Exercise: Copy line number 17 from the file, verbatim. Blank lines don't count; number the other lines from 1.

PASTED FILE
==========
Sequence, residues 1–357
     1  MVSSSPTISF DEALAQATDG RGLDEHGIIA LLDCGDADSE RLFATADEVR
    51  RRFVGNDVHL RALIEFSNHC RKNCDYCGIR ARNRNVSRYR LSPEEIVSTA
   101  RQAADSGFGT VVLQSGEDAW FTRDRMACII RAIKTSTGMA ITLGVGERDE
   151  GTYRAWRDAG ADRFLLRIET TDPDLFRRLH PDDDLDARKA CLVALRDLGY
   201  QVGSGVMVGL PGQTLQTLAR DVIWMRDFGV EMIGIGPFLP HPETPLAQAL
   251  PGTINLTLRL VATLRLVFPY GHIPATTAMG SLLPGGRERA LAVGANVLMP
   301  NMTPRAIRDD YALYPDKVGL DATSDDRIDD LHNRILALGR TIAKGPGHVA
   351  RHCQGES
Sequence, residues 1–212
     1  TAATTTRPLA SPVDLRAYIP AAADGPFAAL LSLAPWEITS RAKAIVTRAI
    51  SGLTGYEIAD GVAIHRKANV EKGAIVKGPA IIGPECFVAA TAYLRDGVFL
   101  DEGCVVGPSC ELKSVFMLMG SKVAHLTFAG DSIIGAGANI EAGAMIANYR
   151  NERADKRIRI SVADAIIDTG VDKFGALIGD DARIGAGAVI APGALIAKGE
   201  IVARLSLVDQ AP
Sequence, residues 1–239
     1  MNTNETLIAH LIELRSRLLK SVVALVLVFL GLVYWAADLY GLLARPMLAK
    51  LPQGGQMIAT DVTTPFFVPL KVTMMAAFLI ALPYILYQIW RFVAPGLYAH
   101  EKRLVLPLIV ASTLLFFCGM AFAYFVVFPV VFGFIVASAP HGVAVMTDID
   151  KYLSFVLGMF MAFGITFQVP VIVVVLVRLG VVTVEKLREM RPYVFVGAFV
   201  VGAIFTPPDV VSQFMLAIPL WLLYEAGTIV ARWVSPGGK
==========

     1  MNTNETLIAH LIELRSRLLK SVVALVLVFL GLVYWAADLY GLLARPMLAK